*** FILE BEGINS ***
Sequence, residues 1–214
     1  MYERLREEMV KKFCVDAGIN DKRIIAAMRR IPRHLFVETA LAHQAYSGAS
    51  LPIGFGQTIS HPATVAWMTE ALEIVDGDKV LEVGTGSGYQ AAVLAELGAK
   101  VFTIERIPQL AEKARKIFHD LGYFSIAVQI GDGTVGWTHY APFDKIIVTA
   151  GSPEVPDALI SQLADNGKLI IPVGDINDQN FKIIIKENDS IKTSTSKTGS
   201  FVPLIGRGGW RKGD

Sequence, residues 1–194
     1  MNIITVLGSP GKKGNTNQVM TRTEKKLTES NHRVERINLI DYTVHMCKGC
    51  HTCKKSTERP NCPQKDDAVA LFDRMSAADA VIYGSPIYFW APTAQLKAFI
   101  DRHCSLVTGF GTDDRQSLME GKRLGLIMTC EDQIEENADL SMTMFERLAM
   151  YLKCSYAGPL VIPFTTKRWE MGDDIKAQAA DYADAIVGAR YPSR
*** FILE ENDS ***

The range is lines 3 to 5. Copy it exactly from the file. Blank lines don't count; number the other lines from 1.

    51  LPIGFGQTIS HPATVAWMTE ALEIVDGDKV LEVGTGSGYQ AAVLAELGAK
   101  VFTIERIPQL AEKARKIFHD LGYFSIAVQI GDGTVGWTHY APFDKIIVTA
   151  GSPEVPDALI SQLADNGKLI IPVGDINDQN FKIIIKENDS IKTSTSKTGS